The Spots of Life

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In Writer’s Group today the first prompt was to finish this sentence:” X marked the spot where….”. This week on facebook there was a link floating around titled “Dear 16 Year Old Me” that reminded me of this true story, which is responded to in our writer’s group as if it’s fiction.

Writer’s Group June 25, 2011

“The Spots of Life”

            X marked the spot where he rubbed the alcohol before the tiny injection that numbed the area. I waited on my back trying to breathe slowly to calm myself. The nurse moved instruments around on the side table, the Dr. waited also. Then he picked the metal object I’m sure was a scalpel but I never look at those sort of things.

I stared at the ceiling and chattered nervously as I often do when I’m afraid or nervous. The Dr. leaned over my mid-section and started to push against my skin with a firm touch. I could feel the pressure but not the cold of the metal or the pain of skin being removed.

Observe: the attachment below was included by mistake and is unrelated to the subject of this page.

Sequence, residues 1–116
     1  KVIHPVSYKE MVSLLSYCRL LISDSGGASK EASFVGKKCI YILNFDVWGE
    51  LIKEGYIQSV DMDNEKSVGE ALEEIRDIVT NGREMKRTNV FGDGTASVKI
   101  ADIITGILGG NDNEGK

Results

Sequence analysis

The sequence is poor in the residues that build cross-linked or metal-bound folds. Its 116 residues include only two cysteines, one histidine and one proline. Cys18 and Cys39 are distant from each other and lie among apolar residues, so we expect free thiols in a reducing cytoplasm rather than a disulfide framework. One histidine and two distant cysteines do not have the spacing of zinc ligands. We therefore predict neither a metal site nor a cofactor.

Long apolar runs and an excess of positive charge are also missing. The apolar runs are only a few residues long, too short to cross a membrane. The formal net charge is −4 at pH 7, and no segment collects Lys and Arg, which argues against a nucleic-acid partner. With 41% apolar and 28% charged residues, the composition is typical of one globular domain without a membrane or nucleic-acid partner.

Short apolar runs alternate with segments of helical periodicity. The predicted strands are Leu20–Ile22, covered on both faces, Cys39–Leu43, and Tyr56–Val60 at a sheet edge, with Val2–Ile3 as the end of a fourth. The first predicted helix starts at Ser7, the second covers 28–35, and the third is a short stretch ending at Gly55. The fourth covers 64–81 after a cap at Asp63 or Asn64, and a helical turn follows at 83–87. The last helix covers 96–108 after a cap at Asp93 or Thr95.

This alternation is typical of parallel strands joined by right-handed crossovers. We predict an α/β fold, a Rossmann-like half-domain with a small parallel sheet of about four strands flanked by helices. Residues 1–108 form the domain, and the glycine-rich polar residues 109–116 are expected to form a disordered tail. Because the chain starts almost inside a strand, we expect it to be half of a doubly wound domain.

I don’t remember if he got it all in one motion or went back to cut more but the scar is almost perfectly circular so I’m assuming he got it all in one swipe.

He said he would call with the results of the pathology report in less than a week. Two days later he asked me to come back in as soon as possible so they could remove some of the surrounding skin.  I tried not to worry, he said it wasn’t cancer.

When I got in the office he explained that the wording of the report concerned him. “Severely abnormal tissue” was his common language explanation. The brochure and his own words explained that the best guess right now is that these moles might become cancerous but they can’t say for sure.

I’m glad I showed my family Dr. the bright red ring around this dark colored spot on my belly and I’m glad he referred me to a Dermatologist. I had a few months of nervous checking and more moles removed, none were as ‘abnormal’ as that first one, thankfully.

Later that year my brother had a large incision in his back as they removed the melanoma mole his Dr. friend noticed in the locker room one day. We are now all considered ‘High Risk’ and get checked regularly. My fair skinned father has passed down our sensitivity to the sun and our love of the outdoors. Finding the balance between protection and life giving sunlight (along with it’s vitamin D) is now a part of my routine.

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